Egypt's Muslim Brotherhood called for mass protests Friday against the military-backed ouster of President
The Brotherhood is part of an alliance of Islamist parties calling for peaceful protests to follow afternoon prayers across the country.
Until now, the atmosphere on the streets has been largely celebratory since Morsi was forced out by the military following large opposition protests.
He was replaced by Adly Mansour, a top judge who was sworn in Thursday as interim president -- a move that was quickly rejected by the Brotherhood.
Islam Abdel-Rahman, who is on the the foreign affairs committee of the Muslim Brotherhood's Freedom and Justice Party, told VOA that his group will not take part in any military-led political process.
But he says his group is calling for strictly peaceful protests against the move.
"We believe in peaceful means of defying this military coup," Abdel-Rahman said. "We don't believe in taking up arms or something like this. We still believe this country can be managed by political means."
He also rejected regional comparisons that some have made to other countries that experienced widespread unrest following military takeovers.
"Egypt is not like Pakistan. Egypt is not like Algeria," he said. "Egypt is Egypt and people are very confident and determined that we can give an example of a peaceful challenge to an armed coup."
Friday's protests are seen by some as a test of whether the Islamist faction still has the popular support that brought it to power in a series of elections held since the ouster of authoritarian leader Hosni Mubarak in 2011.
There were no signs of mass violence by mid-day Friday. Still, there were fears of retaliation, possibly by fringe Islamist elements, in response to what some consider a military coup against their elected leader.
Early Friday, security officials said "Islamist gunmen" attacked several military and police checkpoints in the lawless northern Sinai, killing an Egyptian soldier and wounding at least two others.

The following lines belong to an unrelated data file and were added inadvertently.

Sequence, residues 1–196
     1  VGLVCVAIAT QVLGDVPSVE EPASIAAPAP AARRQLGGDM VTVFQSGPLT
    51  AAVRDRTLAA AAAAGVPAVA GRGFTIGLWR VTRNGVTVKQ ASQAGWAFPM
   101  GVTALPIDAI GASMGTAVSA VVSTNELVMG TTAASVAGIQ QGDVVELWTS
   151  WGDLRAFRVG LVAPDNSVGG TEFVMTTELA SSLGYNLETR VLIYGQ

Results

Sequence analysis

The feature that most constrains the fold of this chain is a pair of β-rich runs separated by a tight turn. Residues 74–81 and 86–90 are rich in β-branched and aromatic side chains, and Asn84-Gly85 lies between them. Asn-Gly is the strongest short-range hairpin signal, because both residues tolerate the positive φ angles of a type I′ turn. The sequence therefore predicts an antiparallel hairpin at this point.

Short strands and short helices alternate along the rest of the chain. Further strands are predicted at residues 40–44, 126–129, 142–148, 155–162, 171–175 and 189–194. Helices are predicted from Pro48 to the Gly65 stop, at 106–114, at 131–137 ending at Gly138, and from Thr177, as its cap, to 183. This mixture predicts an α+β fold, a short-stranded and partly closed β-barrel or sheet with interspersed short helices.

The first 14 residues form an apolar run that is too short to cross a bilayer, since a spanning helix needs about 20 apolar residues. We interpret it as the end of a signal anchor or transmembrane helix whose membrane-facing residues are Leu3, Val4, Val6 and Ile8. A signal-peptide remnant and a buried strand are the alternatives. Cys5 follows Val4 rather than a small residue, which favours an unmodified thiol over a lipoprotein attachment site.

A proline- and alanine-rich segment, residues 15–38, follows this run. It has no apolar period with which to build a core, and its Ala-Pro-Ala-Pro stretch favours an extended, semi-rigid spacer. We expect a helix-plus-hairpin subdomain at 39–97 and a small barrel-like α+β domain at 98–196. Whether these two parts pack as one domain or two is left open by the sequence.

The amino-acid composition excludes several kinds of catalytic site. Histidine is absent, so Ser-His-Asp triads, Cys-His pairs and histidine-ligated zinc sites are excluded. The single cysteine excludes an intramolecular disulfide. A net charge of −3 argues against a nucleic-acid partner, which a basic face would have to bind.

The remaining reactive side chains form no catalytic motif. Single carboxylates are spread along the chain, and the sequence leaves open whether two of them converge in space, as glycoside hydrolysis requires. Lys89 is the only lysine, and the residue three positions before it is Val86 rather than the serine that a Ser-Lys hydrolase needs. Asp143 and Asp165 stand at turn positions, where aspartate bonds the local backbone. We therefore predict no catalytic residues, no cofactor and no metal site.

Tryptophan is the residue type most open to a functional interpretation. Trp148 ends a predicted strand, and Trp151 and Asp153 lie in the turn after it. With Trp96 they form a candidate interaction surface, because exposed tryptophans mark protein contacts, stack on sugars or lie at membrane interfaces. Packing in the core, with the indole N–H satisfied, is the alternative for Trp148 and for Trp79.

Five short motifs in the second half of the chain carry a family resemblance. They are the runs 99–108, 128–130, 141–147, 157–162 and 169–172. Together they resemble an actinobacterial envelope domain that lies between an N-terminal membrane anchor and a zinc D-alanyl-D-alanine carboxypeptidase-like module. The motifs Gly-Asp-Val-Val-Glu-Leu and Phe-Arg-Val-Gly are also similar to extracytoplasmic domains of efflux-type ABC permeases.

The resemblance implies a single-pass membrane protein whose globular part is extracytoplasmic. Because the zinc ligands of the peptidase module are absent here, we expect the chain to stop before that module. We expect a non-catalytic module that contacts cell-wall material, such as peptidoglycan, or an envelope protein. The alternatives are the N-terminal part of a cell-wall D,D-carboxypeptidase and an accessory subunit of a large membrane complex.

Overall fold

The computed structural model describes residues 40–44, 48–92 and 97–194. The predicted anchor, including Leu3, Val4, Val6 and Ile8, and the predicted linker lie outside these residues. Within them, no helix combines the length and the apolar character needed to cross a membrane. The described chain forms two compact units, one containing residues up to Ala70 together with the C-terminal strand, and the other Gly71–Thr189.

Egypt's military is calling for reconciliation and playing down concerns of a revenge campaign against the Muslim Brotherhood. A military spokesperson Thursday said no arbitrary measures will be taken against any political group.
But as of early Friday, prosecutors had issued arrest warrants for 300 of the group's members and detained some of its top leaders. Morsi has also been placed in military custody.
The Brotherhood has also slammed the military for shutting down its official television channel and newspaper, as well as several other Islamist media outlets. In a statement, the group said the moves bring Egypt "back to the era of repressive practices, dictatorship, and corruption."
Judicial officials say they will open an investigation next week against Morsi and other Brotherhood members on charges of "insulting the judiciary."
United Nations human rights chief Navi Pillay said Friday she was concerned about the reports of arrests and media shutdowns, saying there should be "no illegal acts of retribution."
Some political groups that have chosen to take part in the transition government have also criticized the moves, saying it is crucial that the Muslim Brotherhood not be driven away from the political process.
The military has already suspended the country's Islamist-backed constitution and dissolved the parliament. It plans to soon set up a panel to review the constitution and set a timetable for new elections.